We think that the Bank of England should allow everyone – not just banks – to hold electronic money in accounts at the Bank of England. In the report we explain how the Bank of England could introduce ‘Digital Cash Accounts’ (DCAs) in which you could electronically store your money. Because digital cash would be held at the Bank of England, it would be 100% risk-free and never exposed to the risk of a bank failing. But unlike physical cash, which can only be spent in face-to-face transactions, digital cash would be connected to the electronic payment system, so it would be as convenient to use as the money in your bank account.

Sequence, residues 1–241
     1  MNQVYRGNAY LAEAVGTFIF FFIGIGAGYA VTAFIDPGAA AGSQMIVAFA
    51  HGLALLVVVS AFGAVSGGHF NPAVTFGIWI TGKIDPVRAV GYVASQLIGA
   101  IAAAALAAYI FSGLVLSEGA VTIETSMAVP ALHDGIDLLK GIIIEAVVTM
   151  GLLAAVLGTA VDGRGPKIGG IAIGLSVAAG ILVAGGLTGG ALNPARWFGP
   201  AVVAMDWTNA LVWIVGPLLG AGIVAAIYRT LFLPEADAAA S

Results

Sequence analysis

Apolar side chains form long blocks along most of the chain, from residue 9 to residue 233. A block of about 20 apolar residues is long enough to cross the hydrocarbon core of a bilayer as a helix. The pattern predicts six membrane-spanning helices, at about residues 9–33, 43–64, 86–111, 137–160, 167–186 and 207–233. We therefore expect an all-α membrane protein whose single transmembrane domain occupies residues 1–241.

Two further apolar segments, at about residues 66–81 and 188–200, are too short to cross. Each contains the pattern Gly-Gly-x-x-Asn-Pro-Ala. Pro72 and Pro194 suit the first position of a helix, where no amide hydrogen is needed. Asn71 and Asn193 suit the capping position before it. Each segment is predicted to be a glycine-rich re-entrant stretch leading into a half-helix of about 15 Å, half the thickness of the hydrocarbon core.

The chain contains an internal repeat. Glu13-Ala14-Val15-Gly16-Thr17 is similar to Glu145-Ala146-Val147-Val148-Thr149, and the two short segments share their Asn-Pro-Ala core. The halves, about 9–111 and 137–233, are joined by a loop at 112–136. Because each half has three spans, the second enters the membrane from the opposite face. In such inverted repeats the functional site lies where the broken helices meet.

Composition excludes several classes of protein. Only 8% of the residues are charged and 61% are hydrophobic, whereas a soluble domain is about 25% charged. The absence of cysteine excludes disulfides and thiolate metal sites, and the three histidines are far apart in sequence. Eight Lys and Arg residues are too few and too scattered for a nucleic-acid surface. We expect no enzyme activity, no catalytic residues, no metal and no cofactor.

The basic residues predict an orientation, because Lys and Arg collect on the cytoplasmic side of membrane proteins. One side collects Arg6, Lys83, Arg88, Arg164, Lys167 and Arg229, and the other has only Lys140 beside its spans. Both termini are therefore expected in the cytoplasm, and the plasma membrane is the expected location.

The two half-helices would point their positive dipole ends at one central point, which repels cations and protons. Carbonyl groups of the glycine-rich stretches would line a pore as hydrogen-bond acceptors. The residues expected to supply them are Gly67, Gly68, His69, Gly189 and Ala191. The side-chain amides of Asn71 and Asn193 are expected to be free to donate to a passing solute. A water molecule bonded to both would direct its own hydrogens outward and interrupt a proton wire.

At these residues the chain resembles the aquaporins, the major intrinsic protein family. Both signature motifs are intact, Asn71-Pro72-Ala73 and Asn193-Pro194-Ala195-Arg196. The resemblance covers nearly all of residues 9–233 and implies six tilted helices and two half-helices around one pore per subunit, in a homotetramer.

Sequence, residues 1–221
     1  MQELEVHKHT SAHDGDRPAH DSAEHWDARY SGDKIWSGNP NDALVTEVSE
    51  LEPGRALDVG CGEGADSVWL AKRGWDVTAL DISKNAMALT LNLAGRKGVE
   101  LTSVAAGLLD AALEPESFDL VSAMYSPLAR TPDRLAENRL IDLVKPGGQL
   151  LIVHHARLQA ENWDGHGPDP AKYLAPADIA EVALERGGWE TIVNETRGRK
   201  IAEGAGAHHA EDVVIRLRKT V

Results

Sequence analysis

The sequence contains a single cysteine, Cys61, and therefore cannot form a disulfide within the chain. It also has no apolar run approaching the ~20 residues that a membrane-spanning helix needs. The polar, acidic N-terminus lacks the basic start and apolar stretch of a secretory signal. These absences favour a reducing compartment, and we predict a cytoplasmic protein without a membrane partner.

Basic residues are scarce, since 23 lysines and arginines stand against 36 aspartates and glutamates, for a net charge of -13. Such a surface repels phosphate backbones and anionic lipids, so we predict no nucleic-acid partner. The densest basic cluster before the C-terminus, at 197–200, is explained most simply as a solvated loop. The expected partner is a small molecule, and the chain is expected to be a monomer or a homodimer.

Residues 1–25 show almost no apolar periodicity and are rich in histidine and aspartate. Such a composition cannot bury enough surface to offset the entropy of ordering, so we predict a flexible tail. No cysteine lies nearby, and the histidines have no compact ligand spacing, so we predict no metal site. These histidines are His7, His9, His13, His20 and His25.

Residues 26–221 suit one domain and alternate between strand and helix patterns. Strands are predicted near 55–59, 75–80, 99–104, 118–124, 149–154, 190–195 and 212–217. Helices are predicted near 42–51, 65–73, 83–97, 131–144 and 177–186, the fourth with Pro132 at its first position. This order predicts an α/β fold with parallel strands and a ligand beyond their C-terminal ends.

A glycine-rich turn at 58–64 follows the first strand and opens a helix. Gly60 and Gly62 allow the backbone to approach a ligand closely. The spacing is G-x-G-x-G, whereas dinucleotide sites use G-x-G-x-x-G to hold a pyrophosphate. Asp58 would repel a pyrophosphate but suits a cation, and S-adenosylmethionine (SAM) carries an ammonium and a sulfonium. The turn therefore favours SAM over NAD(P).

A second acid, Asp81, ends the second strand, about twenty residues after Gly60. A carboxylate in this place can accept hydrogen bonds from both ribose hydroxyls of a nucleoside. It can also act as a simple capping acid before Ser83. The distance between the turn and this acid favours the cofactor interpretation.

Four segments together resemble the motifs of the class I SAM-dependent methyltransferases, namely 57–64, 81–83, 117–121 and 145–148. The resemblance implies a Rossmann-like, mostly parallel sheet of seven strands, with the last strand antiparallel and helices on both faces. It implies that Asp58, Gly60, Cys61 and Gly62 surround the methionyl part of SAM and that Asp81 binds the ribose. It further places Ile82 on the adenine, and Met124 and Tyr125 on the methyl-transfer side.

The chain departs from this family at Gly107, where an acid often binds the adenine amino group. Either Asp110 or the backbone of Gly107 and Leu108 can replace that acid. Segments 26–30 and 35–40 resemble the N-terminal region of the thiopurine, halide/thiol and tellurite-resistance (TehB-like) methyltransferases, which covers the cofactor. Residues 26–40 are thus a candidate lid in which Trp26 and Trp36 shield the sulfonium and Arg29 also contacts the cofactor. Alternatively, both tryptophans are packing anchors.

Of course, the Bank of England wouldn’t want to provide 60 million accounts, plus debit cards and all the customer service that comes with it. So we’ve proposed a way in which private sector firms, called “Digital Cash Account Providers”, would manage the accounts. So you would deal with a DCA Provider to open an account, get a debit card, internet banking, and customer service, but behind the scenes, the money would always be stored safely at the Bank of England. You would always own the money in your account; the DCA Provider would just provide you with a useful and customer-friendly way of using that money to make payments. This is in contrast to the existing banking system, where instead of owning the funds in your account, you simply have an IOU from the bank.